Five Tips for using the MBTI® Instrument in Conflict

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From conflict to confluence

Written by Patrick L. Kerwin

“Is there one dichotomy that creates more conflict than any other?” That is the million dollar question that is often asked in MBTI ® workshops – and wouldn’t it be great if it were that easy?! But alas, it’s not. Each dichotomy can contribute to conflict for entirely different reasons.

Even the notion of what truly comprises “conflict” can create conflict! A few years ago, when preparing for a type and conflict workshop, I embarked on a mini research study to gather some data from the proverbial horse’s mouth. I surveyed people from each of the 16 types, with the first question being, “How do you define ‘conflict’?” And guess what? They each had different definitions!

Here are some tips to remember when you are using type in conflict situations:

Tip #1: Got Change?

This is always the starting point when working with type: Everyone has the innate urge to grow and develop. If people aren’t interested in making changes to their behaviours, then all type will do is provide them with even more language to label the people they’re in conflict with! Starting with who you are is essential – but examining where you need to stretch is critical. And that’s true for everyone in the conflict situation.

I’ll never forget when someone with a preference for T said to me, “What type has taught me is that when I’m working with F’s, I just can’t be myself.” At first, that comment seemed like it completely missed the mark. That is what type has taught you – that being around others who are different means checking yourself at the door?! But the more I thought about it, the statement isn’t completely off. Stretching into your opposite preferences means you have to do things in a way that you wouldn’t naturally do them. It’s the type dance – you start there, I start here and with some consciousness and commitment, we meet in the middle. Does that mean I’m not me and you’re not you when we get there? Hopefully not. In fact, we’re probably more complete versions of ourselves, using both our preferred parts, and our lesser preferred parts as well.

Tip #2: What We Have Here is a Failure to Communicate

The words that are usually missing at the end of that sentence are, “…MY way!” While the functions are often used in addressing conflict, and are extremely useful (we’ll get to that later…), I like backing up and examining the communication process used during conflict first. The E-I dichotomy is the communication dichotomy, and it’s critical to make sure it’s working properly in the conflict situation. If E-I isn’t working, it’s hard to address any of the other preferences!

Since the natural drive for Extraversion is immediacy, E’s tend to want conflict addressed immediately. And since the natural drive for Introversion is reflection, I’s tend to want conflict addressed after careful thought and consideration. Then toss in a pinch of projection. When you have a preference for E, if you don’t speak up in conflict, it often means you’re not engaged or interested. When you have a preference for I, if you jump right into a conflict, it often means you have completely had it. This is then what prompts E’s to say to I’s, “You’re avoiding the issue!” Or I’s to say to E’s, “ Calm down – you’re in my face!”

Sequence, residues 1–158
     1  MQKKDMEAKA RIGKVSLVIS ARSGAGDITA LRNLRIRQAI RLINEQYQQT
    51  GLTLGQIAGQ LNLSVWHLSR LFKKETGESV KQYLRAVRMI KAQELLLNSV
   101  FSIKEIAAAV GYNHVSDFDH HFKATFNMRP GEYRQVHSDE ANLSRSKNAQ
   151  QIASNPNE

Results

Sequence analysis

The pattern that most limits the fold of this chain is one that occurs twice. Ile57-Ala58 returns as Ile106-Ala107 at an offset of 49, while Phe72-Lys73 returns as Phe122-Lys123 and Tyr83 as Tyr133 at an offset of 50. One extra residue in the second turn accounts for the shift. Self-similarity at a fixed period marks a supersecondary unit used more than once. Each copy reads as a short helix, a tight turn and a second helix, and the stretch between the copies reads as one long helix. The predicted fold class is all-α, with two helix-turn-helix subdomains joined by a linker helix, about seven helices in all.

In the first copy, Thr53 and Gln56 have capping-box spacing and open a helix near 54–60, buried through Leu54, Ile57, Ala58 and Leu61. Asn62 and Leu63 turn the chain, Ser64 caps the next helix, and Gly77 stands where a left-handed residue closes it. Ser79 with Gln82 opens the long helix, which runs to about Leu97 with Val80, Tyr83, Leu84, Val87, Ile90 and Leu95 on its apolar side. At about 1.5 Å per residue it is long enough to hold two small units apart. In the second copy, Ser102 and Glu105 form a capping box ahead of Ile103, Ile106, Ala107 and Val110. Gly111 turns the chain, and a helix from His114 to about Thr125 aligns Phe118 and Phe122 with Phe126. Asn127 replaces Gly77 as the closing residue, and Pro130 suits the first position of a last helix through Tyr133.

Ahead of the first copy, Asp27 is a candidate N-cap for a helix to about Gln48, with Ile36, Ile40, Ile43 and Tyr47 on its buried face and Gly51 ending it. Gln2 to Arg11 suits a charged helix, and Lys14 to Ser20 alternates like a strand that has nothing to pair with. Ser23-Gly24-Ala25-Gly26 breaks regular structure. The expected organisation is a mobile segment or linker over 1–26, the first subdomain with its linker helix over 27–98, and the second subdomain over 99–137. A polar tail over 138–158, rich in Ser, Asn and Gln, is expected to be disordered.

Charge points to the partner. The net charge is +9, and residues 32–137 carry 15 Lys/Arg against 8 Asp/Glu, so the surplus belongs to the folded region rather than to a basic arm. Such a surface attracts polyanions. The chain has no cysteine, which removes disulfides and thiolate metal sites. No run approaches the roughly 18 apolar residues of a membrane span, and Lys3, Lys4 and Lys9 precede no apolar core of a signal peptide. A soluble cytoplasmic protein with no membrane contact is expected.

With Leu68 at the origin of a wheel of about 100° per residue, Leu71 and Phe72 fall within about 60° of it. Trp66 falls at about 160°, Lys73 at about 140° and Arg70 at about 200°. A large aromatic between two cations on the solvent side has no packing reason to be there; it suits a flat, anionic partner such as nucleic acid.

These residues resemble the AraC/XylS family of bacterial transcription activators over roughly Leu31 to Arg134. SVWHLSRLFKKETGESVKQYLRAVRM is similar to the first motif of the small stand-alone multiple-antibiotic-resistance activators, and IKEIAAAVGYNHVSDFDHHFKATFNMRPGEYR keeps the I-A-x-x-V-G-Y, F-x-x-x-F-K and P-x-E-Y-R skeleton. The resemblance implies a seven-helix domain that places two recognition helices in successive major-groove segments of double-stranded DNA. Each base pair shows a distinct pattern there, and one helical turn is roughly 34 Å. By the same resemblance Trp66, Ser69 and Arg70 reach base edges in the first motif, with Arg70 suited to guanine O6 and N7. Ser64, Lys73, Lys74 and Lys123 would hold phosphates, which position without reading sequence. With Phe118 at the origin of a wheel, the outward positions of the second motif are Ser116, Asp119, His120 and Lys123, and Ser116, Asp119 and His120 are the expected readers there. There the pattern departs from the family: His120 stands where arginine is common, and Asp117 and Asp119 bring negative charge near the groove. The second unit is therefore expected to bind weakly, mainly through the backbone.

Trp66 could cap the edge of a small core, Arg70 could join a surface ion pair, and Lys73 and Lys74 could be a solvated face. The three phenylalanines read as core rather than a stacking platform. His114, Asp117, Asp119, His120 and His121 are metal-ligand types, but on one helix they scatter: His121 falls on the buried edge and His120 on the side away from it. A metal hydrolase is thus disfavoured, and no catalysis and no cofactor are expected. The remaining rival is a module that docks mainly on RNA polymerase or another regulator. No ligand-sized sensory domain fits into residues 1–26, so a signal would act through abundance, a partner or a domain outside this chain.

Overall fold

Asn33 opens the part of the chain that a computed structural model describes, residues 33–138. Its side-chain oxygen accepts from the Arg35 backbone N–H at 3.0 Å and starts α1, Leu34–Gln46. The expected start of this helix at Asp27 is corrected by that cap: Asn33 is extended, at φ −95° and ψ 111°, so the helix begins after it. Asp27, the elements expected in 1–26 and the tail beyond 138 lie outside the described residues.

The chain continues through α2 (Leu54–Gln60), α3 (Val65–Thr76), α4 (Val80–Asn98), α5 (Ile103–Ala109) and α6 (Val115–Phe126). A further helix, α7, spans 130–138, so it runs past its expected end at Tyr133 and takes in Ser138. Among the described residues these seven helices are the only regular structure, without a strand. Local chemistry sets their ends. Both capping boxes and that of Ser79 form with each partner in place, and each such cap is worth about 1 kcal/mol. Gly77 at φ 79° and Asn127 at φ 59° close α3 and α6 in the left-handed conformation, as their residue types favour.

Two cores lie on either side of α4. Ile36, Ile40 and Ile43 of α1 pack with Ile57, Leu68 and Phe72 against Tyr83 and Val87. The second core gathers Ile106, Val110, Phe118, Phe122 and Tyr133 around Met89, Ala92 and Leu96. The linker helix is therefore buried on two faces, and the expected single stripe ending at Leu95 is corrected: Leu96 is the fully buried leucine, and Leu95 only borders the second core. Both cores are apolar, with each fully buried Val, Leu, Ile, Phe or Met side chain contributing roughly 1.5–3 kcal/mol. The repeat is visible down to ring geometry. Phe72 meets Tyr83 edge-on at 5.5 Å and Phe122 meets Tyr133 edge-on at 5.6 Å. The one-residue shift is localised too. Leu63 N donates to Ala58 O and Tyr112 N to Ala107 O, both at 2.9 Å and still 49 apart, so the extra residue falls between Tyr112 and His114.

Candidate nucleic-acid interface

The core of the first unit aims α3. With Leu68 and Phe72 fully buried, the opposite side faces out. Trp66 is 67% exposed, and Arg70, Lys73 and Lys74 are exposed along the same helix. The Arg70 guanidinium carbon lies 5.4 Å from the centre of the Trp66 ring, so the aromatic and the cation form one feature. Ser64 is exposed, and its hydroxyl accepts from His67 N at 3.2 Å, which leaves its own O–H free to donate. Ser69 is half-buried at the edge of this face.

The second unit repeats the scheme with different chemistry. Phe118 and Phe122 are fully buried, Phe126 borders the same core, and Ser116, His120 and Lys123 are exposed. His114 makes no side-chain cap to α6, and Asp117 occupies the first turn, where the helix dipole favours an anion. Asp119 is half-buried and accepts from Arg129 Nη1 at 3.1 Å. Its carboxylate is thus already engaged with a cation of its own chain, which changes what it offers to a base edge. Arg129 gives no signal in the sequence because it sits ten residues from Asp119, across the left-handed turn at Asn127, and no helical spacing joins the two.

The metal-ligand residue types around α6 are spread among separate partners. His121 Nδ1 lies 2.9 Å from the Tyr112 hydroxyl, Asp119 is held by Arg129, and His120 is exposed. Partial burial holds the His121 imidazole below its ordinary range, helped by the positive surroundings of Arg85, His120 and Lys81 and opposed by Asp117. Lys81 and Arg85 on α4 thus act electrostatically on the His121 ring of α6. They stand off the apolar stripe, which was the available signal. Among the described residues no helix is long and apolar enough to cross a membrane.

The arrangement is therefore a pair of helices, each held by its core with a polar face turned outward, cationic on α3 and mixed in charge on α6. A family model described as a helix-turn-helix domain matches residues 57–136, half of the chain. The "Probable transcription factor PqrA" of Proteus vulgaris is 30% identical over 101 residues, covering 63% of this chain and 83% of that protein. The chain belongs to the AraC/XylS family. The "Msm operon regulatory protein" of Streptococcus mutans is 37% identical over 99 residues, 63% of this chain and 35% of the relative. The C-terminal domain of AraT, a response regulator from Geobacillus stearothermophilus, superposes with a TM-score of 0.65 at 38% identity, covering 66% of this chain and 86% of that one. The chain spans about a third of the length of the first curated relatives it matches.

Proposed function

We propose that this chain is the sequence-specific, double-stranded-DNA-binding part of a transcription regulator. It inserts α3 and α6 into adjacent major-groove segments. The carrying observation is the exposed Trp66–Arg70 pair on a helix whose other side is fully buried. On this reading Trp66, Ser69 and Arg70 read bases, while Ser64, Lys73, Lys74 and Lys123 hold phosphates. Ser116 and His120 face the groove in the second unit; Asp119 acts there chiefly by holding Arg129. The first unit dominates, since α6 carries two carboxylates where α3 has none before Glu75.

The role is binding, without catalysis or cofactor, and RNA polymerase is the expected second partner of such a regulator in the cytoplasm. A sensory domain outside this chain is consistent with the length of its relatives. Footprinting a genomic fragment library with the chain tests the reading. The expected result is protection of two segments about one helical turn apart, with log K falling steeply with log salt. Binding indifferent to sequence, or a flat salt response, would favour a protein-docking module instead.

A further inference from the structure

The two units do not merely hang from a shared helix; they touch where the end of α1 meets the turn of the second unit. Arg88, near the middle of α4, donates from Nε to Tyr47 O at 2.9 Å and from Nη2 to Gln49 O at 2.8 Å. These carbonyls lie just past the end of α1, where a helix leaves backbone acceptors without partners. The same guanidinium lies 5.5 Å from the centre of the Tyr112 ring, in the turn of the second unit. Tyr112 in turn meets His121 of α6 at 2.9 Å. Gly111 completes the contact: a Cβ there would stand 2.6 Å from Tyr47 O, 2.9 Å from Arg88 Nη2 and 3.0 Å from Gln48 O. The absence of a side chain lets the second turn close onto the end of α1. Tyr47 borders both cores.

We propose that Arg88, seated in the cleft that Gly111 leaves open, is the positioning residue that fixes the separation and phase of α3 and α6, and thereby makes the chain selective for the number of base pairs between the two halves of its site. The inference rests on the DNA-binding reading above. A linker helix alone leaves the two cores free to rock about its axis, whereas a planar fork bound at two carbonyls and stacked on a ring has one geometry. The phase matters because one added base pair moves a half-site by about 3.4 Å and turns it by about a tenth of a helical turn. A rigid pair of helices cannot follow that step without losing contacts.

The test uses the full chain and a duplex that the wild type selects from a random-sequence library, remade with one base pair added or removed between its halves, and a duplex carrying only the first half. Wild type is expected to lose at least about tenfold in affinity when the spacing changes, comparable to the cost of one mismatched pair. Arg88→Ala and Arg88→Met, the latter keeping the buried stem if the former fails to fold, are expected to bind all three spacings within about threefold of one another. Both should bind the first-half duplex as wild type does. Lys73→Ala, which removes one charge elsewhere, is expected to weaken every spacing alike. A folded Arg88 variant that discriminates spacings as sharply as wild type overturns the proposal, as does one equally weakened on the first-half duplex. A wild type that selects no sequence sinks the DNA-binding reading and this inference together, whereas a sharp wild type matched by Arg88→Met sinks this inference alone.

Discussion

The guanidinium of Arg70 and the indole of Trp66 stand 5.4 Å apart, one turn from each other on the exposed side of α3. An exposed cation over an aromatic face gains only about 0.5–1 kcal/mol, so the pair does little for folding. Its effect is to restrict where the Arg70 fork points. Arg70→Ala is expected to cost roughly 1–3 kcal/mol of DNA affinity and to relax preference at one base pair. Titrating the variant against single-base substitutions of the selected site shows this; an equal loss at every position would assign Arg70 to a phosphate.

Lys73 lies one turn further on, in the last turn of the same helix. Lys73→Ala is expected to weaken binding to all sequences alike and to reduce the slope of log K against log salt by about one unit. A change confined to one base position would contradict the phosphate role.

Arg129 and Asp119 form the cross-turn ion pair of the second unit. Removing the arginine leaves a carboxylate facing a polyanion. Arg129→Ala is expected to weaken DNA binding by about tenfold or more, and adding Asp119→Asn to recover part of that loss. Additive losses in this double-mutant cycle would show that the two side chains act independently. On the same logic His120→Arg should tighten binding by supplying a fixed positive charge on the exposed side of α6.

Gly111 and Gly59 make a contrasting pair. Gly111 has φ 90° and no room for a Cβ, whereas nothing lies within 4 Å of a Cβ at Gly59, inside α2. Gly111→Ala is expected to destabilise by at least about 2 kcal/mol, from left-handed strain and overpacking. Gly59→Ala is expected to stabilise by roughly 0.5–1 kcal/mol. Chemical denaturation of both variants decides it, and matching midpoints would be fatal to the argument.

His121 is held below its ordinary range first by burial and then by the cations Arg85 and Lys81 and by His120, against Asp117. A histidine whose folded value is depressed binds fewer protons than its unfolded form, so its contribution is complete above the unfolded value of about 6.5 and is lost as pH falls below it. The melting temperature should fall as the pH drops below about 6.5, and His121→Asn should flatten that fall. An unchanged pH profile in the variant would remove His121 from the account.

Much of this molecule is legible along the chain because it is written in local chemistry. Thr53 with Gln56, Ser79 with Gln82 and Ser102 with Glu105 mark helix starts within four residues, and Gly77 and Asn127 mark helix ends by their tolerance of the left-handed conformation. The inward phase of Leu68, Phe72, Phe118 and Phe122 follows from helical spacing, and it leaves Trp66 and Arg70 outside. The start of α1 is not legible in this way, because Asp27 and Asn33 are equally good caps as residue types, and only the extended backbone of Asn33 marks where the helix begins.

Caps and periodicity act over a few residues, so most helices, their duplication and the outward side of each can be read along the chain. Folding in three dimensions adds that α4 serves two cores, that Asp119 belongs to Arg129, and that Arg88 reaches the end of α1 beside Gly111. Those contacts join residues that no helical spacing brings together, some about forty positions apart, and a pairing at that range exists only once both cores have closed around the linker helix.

Here’s a simple solution that requires some stretching on both sides of the fence. If I’s make a verbal statement that they are fully engaged in the conflict, but need time to think, that verbal cue lets the E’s know that there is indeed engagement. In turn, if E’s give I’s the space to process, then E’s will be rewarded with many more extraverted conversations to address the conflict. Cha cha cha.

Tip #3: Look In the Middle

The functions pairs are the core of type, and often can zero in on what people are focusing on in conflict situations. There has been so much written about the function pairs as a tool for conflict and decision making. A good resource is page 39 in the Introduction to Type® booklet, which presents a great model for using the functions in problem solving. Pages 11 and 12 in the Introduction to Type® and Coaching booklet also present a useful guide for using the four functions for resolving conflict.

Tip #4: Wrap That Baby Up

And leave it open! Adding the two last letters in a conflict situation can help answer the question, “What next?” Using the J preference helps a conflict situation by addressing issues like next steps, timelines and who’s accountable for what. Using the P preference helps a conflict situation by ensuring that new information can be included as it emerges, and that all parties can be open to making changes to the conflict plan when it makes the solution even better.

Tip #5: Don’t Get Too Comfy!

Recently I was talking with a client about some conflict situations in their organization, and how type could address some of the conflict. After reviewing some of the tips above, I finally said, “You know what the upshot is? Using type effectively requires a lot of consciousness.” And the trouble is, it’s so easy to stay put where we’re most comfortable – and not even be aware that we’ve burrowed right in. So keep your antennae up, and check in on how you’re using your opposite preferences in conflict.

Remembering these tips can make a marked difference in how conflict is perceived, addressed and resolved.


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